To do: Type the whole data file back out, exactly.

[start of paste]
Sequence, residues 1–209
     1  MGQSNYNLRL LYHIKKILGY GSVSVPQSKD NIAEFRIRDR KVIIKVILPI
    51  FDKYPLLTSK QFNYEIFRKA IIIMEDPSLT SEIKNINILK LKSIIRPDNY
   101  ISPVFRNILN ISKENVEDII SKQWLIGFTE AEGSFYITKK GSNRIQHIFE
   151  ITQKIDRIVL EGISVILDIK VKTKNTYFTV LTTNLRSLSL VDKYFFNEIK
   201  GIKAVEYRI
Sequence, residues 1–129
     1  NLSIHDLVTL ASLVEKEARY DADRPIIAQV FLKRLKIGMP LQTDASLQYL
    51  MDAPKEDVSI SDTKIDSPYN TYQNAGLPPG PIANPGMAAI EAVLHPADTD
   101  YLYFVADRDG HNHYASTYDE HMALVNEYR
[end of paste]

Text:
Sequence, residues 1–209
     1  MGQSNYNLRL LYHIKKILGY GSVSVPQSKD NIAEFRIRDR KVIIKVILPI
    51  FDKYPLLTSK QFNYEIFRKA IIIMEDPSLT SEIKNINILK LKSIIRPDNY
   101  ISPVFRNILN ISKENVEDII SKQWLIGFTE AEGSFYITKK GSNRIQHIFE
   151  ITQKIDRIVL EGISVILDIK VKTKNTYFTV LTTNLRSLSL VDKYFFNEIK
   201  GIKAVEYRI
Sequence, residues 1–129
     1  NLSIHDLVTL ASLVEKEARY DADRPIIAQV FLKRLKIGMP LQTDASLQYL
    51  MDAPKEDVSI SDTKIDSPYN TYQNAGLPPG PIANPGMAAI EAVLHPADTD
   101  YLYFVADRDG HNHYASTYDE HMALVNEYR